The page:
I do not think you are crazy. I do think you do not have the right help. I think you deserve an enormous amount of credit for what you have accomplished and how you have compensated. I think you need support and a good team behind you. To stay with the race analogy, I think you need a pit stop with a good pit crew before your engine blows. Then you can decide to get off the race track and out on the open road, with the top down and a great CD playing. It is possible- you have what it takes- you have already proven that to yourself.
Posted 10 July 2013 - 12:14 PM
It changes everything. Don't let it destroy you though. Hank is right. Educate yourself, build a support team.
Posted 10 July 2013 - 02:03 PM
Great post Hank!
mwright...take a deep breath...you are at the bottom of the hole. You WILL climb out of it by sheer will power because YOU are in control.
Please take Hank's advice to heart. Finding the right support team and the right meds will take time but I'm confident that you are more than capable of getting your life back on track.
Posted 10 July 2013 - 02:10 PM
NetiNeti is right on.
It does change everything and one can not let it destroy them, educating/learning about the condition/disorder/disease and building a support team is all crucial.
We all have a different story and no two of us are the same. Living with this condition/disorder/disease is more than tough and takes real strength (which often we ourselves can hardly note having, and/or at all, existing).
In life we all win some and lose some, the condition/disorder/disease is a game changer but not a game breaker, by any means; with proper balance and proportion, both requiring continual awareness and constant attentiveness, one does succeed.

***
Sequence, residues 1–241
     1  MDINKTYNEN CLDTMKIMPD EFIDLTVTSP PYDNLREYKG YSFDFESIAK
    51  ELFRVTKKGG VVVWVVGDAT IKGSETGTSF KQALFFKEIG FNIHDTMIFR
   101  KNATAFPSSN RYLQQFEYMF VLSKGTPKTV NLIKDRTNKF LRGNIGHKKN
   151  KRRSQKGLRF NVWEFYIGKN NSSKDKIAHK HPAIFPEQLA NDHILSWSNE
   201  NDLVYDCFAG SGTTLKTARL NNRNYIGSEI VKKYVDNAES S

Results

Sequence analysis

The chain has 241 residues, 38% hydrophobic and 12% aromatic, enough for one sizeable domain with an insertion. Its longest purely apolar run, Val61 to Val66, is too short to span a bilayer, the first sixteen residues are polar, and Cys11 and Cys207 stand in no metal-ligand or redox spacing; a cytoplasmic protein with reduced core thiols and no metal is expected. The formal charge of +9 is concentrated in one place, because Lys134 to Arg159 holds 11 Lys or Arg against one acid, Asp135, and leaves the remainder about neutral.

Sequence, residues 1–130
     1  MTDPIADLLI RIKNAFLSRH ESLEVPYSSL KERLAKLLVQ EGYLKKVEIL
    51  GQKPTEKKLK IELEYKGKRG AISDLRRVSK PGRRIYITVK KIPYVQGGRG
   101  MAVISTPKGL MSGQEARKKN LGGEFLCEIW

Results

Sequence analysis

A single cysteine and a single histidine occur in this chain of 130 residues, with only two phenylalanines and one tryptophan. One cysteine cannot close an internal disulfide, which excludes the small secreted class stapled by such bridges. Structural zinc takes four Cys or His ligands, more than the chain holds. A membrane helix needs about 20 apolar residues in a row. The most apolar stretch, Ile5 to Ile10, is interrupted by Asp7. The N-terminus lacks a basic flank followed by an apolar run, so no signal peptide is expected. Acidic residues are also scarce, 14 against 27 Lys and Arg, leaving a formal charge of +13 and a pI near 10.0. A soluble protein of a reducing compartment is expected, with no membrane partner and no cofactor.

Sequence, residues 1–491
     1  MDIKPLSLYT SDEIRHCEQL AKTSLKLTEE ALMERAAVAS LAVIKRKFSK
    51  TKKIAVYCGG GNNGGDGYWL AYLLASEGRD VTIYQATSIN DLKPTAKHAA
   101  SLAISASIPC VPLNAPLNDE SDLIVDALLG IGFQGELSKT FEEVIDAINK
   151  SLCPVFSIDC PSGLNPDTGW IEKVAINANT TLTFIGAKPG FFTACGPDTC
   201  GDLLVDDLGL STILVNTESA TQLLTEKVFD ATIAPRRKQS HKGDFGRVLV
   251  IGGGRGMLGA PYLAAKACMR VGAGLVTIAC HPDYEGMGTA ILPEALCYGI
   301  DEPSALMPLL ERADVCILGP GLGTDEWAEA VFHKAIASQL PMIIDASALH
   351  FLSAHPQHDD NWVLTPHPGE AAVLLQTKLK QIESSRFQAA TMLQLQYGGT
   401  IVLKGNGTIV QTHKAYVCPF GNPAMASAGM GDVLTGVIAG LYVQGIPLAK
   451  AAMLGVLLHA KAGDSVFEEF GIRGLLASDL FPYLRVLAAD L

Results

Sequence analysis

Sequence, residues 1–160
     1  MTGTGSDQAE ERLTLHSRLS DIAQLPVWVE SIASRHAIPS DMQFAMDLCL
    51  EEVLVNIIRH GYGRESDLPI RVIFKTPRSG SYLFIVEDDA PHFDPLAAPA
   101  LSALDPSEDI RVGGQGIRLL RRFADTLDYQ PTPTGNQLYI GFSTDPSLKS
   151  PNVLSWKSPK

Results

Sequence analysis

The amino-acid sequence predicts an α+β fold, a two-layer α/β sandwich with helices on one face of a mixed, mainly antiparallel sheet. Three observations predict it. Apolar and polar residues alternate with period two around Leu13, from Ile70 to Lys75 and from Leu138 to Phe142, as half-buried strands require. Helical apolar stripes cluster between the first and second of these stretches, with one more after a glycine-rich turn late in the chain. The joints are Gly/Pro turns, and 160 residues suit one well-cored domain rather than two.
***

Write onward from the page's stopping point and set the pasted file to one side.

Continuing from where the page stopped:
Day to day, week to week, month to month, year to year, now and then random with unknowns, ups and downs; a roller coaster ride it is, or can be.
It becomes a lifestyle factor which one must adjust to, gauge, and fine tune for their own stability and comfort; it takes time and juggling, along with some good people (or perhaps, even, just one) in your corner.
Remembering, staying conscious to nature being nature, knowing that there are always others worse off and in more difficult circumstances within the world; for me, is very important.
As is also helpful and important for myself; reflecting upon what it is that I do have and what all I have managed to do, throughout my life, regardless of the condition/disorder/disease /s impact and/or presence.
A gentle step backwards can result in many steps, forwards.
This forum and the grand amount of other resources on the internet, full of information regarding this condition/disorder/disease, has helped me tremendously in coping, venting, and most valuable of all, learning.
Stay strong, you can get through and beyond.
-> Hank does give great advice.
Posted 11 July 2013 - 03:14 PM
I am seeing a psychiatrist for symptom/side effect management as well. My sleep doc wasn't bad, but beyond diagnosis and prescribing stimulants and/or Xyrem, he's not useful for much.